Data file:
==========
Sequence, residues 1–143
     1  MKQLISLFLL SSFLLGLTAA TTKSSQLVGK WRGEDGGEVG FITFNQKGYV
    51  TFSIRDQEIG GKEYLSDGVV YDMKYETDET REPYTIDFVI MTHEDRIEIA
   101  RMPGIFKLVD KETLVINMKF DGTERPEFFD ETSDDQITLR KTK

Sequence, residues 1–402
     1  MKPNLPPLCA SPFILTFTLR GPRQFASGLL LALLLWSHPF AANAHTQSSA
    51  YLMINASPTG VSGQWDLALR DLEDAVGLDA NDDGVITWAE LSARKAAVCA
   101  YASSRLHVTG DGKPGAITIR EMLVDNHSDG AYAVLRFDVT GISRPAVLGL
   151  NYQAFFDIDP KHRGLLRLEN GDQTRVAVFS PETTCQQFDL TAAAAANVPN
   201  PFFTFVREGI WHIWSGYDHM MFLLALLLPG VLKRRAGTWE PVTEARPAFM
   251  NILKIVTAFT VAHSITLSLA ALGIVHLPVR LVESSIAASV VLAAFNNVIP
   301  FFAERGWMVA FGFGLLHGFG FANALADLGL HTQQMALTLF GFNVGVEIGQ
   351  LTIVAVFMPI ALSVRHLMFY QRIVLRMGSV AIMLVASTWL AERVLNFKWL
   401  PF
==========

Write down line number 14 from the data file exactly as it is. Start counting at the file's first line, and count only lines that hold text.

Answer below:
   401  PF